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Atypical Antipsychotic Drugs
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Antipsychotic drug use among kids soars

May 2, 2006 | AP

The number of children taking antipsychotic medicines soared 73 percent in the four years ending in 2005, far outpacing the increase in adults, according to a Medco Health Solutions Inc. report released Tuesday.

Use of the new class of drugs known as atypical antipsychotics by people 19 and younger skyrocketed 80 percent in the same time period, according to the pharmacy benefit manager.

Antipsychotic drug prescriptions for that age group comprise a relatively small amount of the total for such medicines, Medco said. In 2005, 15 percent of prescriptions for such drugs were for children while 85 percent were for adults.

Still, the sharp increase is noteworthy because the powerful drugs are for individuals with serious psychosis such as schizophrenia so there is some concern the medicines may not always be prescribed appropriately, said Dr. Amita Dasmanapatra, senior director of medical affairs at Medco. She said it is possible that some doctors are prescribing the drugs for children with behavioral problems, which would be better controlled by other means. Medco's analysis of over 2 million insured Americans didn't explore the reasons for the increase.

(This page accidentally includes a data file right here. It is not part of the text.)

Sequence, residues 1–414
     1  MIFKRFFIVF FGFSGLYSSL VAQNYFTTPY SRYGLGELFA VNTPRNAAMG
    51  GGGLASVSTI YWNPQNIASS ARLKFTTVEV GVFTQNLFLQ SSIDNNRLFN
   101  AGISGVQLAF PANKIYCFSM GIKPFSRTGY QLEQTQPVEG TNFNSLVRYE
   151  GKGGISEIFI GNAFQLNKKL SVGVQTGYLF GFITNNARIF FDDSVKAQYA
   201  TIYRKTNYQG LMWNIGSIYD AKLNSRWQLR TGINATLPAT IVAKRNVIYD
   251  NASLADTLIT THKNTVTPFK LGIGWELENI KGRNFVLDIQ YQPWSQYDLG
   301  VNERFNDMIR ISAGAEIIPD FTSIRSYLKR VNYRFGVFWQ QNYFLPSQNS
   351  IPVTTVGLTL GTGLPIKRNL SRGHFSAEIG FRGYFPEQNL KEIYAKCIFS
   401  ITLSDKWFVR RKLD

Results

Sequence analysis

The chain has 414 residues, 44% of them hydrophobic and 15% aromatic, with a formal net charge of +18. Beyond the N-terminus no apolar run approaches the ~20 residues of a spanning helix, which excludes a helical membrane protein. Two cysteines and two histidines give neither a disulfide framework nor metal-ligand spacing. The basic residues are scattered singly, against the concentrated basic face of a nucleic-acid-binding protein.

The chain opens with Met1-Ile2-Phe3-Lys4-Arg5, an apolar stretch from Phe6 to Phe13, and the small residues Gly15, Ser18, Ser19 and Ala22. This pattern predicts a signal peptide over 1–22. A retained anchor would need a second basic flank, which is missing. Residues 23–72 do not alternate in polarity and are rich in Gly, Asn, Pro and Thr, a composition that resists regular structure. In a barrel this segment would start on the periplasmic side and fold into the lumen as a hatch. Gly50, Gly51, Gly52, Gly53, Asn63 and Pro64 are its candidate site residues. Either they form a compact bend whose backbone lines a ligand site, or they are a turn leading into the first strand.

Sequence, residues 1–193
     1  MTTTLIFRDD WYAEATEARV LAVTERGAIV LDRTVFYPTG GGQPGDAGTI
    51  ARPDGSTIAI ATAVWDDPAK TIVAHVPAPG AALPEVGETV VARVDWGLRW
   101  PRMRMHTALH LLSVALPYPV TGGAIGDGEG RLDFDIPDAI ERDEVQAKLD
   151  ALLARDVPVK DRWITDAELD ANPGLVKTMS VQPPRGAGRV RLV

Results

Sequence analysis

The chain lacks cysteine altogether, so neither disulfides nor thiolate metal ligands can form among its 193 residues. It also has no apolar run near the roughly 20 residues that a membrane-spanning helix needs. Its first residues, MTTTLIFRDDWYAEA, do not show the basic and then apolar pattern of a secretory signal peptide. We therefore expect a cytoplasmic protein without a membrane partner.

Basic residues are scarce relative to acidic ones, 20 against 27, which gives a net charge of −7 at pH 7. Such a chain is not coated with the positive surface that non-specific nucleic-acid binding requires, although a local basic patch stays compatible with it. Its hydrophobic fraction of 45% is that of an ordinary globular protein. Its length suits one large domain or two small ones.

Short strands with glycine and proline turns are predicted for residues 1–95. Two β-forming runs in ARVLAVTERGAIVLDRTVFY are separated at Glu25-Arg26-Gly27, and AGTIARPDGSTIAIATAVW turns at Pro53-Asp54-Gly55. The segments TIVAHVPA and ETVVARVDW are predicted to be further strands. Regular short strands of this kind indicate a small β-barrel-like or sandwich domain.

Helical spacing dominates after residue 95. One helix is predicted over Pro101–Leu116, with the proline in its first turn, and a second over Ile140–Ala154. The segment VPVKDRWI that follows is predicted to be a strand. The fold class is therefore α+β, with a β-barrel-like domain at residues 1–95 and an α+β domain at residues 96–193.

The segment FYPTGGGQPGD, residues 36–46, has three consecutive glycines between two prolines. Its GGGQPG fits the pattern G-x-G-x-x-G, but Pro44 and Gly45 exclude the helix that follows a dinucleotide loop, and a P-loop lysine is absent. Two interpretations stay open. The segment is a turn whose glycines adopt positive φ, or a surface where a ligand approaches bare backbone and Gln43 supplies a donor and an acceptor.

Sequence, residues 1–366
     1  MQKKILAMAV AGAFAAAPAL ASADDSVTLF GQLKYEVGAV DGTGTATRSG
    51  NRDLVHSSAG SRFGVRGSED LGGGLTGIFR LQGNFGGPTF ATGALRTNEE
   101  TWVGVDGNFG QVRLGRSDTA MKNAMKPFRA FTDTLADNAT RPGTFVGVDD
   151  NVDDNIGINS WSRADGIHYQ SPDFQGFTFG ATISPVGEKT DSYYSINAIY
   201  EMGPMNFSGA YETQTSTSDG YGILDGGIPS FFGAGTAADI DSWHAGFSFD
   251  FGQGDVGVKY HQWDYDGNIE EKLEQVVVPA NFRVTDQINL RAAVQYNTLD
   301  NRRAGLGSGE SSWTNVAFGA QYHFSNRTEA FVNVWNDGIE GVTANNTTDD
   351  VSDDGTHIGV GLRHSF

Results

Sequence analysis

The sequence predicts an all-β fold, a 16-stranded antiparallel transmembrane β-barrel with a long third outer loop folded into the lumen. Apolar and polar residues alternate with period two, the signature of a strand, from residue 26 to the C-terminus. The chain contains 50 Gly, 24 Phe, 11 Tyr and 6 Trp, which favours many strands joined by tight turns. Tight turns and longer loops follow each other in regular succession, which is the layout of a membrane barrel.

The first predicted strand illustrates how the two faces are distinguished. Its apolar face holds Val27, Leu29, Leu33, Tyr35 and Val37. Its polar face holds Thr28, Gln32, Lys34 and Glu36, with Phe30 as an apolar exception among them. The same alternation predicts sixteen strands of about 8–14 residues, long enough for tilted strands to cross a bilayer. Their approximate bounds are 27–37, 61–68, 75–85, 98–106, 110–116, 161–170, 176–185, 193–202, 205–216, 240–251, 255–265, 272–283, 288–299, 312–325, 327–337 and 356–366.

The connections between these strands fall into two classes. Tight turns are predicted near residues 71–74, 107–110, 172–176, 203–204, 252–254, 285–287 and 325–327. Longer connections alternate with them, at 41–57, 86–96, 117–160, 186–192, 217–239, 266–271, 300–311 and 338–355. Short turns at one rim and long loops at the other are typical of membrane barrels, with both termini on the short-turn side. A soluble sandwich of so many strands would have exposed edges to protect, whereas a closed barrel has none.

Additionally, the atypical antipsychotics aren't approved for use in children although doctors are free to prescribe drugs as they see fit.

The number of children on antipsychotics rose to 6.6 per 1,000 in 2005 from 3.81 per thousand in 2001. In contrast, 11 adults per 1,000 were taking one of the drugs. The increase in the number of adults taking antipsychotics rose 13 percent in the four years ended in 2005.

However, the rate of prescription growth in children has been slowing although the analysis was not designed to determine the reason. For example, the rate of prescription growth in all antipsychotics was 3.38 percent last year, down from 14 percent in 2004 and 22 percent in 2003. Meanwhile, last year prescription growth for atypical antipsychotics was nearly 5 percent, down from nearly 13 percent in 2004 and 24 percent in 2003.

In adults, the number of prescriptions fell 7 percent.

Dr. David Kessler, a child and adolescent psychiatrist in Burlington, Vt., speculated that the decrease in growth is tied to concern about atypical antipsychotics link to diabetes.

In 2003, The U.S. Food and Drug Administration asked manufacturers of atypical antipsychotics to add warning labels describing the increased risk of high blood sugar and diabetes. The drugs include Eli Lilly & Co.'s Zyprexa, AstraZeneca PLC's Seroquel, Bristol-Myers Squibb Co.'s Abilify and Pfizer Inc.'s Geodon.

Also, last year the FDA determined that elderly patients with dementia that were being treated with atypical antipsychotics had an increased risk of death. The FDA asked manufacturers to include a warning on the drugs' label about the risk, and note that the drugs are not approved to treat behavioral problems in patients with dementia.


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